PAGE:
Another factor that can come into play is if you have an outstanding home equity loan or second/third mortgage. If there are multiple lenders involved, it greatly complicates the approval process and lessens your likelihood of attaining short sale approval. The bank that holds your first loan will have the biggest say, but the more lenders and loans that are involved, the harder it will be to get a short sale agreement that is to everyone’s liking. In many cases the bank holding the second loan will not recover much—if any—money in a short sale. If your second loan is held by the same bank that holds the first, then it slightly increases your chances for approval.
Seller Myth #4:
Once Approved for a Short Sale, Your Worries of Slipping into Foreclosure Are Over
As we’ve discussed in previous myths, you must keep in mind the bank is always in control and always doing what’s in its best interest. Even though the bank has indicated it is willing to approve your short sale and allow your agent to put the listing on the market, they will always reserve the right to retract the offer and begin the foreclosure process. This can be a very frustrating experience for sellers looking to avoid the unpleasant foreclosure process.
Rarely will this happen once your short sale is approved, but it’s important to know that it can. Banks don’t like going through the foreclosure process any more than homeowners do, but they will do what they have to in order to do what they think will be best for their bottom line. So, if your listing stays on the market for a really long time or they begin to feel that the short sale listing price is too high to sell in the current market, then they may choose to pursue foreclosure of the property.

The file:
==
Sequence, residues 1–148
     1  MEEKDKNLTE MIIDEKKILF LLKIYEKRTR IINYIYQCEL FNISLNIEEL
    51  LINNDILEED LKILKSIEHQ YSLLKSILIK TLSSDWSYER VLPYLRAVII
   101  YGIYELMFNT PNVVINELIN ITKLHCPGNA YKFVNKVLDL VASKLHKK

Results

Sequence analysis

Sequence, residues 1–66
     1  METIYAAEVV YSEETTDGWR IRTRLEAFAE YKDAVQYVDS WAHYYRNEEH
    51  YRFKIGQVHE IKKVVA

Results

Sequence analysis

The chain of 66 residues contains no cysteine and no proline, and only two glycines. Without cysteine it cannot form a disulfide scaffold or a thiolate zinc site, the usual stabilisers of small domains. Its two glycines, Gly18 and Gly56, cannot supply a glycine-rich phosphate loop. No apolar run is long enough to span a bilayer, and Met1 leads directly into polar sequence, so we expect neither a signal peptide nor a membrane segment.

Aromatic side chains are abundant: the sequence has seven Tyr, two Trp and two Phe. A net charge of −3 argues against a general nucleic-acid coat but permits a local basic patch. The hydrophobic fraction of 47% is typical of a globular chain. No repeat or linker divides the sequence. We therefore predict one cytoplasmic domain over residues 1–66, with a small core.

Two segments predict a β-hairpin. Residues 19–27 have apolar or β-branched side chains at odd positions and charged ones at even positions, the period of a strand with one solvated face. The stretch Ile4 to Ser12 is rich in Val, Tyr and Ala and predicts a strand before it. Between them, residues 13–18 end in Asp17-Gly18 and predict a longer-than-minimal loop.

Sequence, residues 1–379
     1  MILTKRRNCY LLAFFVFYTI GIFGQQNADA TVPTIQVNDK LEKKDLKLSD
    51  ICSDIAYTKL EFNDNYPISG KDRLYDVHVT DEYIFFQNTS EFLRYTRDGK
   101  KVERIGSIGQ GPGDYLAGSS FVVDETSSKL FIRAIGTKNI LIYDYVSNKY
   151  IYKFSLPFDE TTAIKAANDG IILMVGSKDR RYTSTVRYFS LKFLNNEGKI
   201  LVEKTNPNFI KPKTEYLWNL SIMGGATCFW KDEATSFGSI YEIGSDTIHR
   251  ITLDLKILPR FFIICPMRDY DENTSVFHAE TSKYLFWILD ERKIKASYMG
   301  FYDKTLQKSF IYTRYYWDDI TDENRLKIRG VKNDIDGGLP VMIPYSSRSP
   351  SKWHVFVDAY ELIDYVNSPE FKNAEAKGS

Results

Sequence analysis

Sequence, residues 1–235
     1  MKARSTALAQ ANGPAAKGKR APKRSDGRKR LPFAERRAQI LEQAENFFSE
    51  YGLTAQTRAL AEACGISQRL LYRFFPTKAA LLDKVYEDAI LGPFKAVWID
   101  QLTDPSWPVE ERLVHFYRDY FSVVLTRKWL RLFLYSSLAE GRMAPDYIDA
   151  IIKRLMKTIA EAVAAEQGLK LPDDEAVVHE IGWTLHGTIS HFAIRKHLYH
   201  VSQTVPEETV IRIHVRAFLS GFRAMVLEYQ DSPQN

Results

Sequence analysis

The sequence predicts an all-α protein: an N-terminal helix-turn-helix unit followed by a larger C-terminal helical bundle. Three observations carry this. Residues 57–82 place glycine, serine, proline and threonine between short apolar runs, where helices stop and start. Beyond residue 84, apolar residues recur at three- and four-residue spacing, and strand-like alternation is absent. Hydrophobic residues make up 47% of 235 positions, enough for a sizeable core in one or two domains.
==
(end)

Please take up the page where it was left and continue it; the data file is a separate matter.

Again, it’s vital to know what you are getting into when selling your property via short sale. Make sure you read the paperwork thoroughly and look out for any deadlines or loopholes that might be included in the contracts. Don’t be afraid to speak with a real estate agent and lender in order to better understand the playing field when it comes to short sales and foreclosures.
Seller Myth #5:
Real Estate Agents Are “Cleaning Up” in the Short Sale Market
While it’s been a tough time for the majority of real estate agents out there in today’s market, some agents have been able to find business in the short sale and foreclosure markets of recent years. But it’s not a bed of roses. Listing agents are generally getting less commission in a short sale because of the bank’s heavy involvement and in order to keep seller’s closing costs to a minimum. With that said, it is often a lot more work for an agent to represent the listing because they are dealing with both the bank and the seller. There is a lot of going back and forth. They have to manage both sides to keep everyone as happy and informed as possible throughout the process, oftentimes acting as more than a regular agent. They are more like an interpreter, intermediary and peacekeeper.